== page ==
The (Just After The) Weekend Links Post: No. 34

Welcome, again, to another entirely subjective selection of 15 links, humanely culled from my week’s online reading and roughly collated under the seven broad categories seen below. A little late this week, following some 24-hour live-blogging (32 hours awake, in all, but definitely worth it):

Selected Highlights from Guardian Technology (Because otherwise I just don’t get around to reading it now it’s no longer in the print edition).

As smartphones get smarter, how will their innovations transform our lives and the ‘social web’?

Evgeny Morozov explains his new book The Net Delusion: How Not to Liberate The World; plus, Tom Chatfield’s review.

Who can you trust on Twitter? Peer Index releases list of most authoritative journalists on Twitter.

Universal and Sony Music to make new singles available as soon as they hit the radio – only highlighting exactly how slow the big record labels have been at facing piracy and the shift to MP3s.

Clay Shirky on the birth of Wikipedia and its 10th birthday.

Social Media

Tunisia: the revolution that’s being ignored by social media. More here.

Books, Writing & Storytelling

The 2010 Digital Book World Publishing Innovation Awards 2010: the longlist.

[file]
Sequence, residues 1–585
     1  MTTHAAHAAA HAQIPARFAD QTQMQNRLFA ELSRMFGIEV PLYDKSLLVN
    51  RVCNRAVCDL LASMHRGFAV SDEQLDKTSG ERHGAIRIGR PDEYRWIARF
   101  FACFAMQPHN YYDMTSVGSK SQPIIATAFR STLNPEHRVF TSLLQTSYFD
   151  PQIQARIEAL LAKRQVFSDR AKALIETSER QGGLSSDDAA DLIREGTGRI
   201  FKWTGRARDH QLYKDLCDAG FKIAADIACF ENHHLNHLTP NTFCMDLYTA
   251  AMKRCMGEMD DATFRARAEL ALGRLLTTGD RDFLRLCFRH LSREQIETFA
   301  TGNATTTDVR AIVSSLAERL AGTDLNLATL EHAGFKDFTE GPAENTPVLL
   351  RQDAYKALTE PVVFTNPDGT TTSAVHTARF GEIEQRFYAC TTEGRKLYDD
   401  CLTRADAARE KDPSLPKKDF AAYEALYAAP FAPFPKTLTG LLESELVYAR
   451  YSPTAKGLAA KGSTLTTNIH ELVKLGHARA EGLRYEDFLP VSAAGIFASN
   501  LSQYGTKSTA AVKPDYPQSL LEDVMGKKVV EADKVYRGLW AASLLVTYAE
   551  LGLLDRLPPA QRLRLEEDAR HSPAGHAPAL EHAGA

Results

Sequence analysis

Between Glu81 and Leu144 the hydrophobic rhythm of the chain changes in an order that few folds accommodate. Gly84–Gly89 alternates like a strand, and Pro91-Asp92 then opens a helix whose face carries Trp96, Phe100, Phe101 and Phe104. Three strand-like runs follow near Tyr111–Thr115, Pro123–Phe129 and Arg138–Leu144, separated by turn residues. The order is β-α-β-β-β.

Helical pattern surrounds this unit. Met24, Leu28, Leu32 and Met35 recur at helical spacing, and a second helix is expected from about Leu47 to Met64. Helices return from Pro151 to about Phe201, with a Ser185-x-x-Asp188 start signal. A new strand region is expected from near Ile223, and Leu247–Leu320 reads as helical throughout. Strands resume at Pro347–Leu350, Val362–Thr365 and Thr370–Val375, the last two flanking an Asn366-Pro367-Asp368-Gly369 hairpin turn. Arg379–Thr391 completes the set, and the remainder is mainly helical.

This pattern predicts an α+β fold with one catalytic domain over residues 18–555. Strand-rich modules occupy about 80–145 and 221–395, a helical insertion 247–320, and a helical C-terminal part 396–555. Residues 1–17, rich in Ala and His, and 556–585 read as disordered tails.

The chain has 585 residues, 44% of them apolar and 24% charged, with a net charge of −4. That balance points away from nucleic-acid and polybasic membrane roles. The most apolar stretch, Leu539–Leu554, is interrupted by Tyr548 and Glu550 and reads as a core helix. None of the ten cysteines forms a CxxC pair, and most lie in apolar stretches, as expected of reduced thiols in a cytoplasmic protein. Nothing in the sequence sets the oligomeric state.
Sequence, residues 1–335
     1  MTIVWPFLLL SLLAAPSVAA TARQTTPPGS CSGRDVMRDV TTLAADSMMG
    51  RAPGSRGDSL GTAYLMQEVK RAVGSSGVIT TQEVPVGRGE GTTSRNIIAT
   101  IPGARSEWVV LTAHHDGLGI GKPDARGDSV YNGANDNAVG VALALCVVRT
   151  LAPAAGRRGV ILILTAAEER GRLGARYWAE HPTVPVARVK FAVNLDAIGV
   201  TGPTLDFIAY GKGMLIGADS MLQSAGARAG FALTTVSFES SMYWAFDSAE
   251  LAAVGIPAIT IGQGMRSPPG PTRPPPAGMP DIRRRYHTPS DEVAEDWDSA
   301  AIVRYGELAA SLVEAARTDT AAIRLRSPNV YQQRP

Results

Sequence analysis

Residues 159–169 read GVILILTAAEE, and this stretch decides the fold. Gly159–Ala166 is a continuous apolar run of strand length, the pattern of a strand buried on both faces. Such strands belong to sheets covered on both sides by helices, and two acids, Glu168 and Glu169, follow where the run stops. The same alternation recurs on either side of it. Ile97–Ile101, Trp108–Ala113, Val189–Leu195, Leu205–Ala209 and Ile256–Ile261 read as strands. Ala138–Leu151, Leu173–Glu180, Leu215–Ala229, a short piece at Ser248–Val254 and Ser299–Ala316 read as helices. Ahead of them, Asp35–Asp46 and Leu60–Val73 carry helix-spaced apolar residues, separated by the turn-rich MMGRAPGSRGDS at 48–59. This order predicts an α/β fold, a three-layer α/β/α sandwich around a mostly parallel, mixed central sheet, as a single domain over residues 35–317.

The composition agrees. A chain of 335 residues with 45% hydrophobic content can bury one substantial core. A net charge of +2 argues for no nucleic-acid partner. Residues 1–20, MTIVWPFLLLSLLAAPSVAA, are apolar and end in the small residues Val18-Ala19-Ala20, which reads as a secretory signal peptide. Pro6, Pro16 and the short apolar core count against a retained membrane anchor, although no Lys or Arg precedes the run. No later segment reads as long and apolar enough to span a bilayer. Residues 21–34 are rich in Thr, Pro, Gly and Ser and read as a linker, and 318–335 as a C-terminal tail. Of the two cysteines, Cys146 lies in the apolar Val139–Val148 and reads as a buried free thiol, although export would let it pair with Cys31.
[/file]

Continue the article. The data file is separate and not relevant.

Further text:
Electric Literature’s very literal approach to the question: “Can a book save your life?”

Useful Apps, Utilities & Downloads

Search Engine Blacklist: remove content-farms and other spam results from your Google searches [Chrome extension]. (Also see: Marco Arment of Instapaper on the problem of Google search spam.)


Gogoyoko: DRM-free, ethical online music store and social network – with free album streaming.

The Recombinant DNA of the Mash-Up: an interactive timeline of the major milestones of the past 104 years.

Games & Other Distractions

But That Was Yesterday: interactive art game about moving on from painful memories (the beginning seems impossible at first, but you’ll figure it out soon enough).


From a theremin wristwatch to a violin playing cockroach: a rundown of The 2010 Kickstarter Awards.

Collective buying power: a new trend in crowdsourcing?

“One need not agree with WikiLeaks’ modus operandi to acknowledge its service to democracy”: Twelve theses on WikiLeaks.

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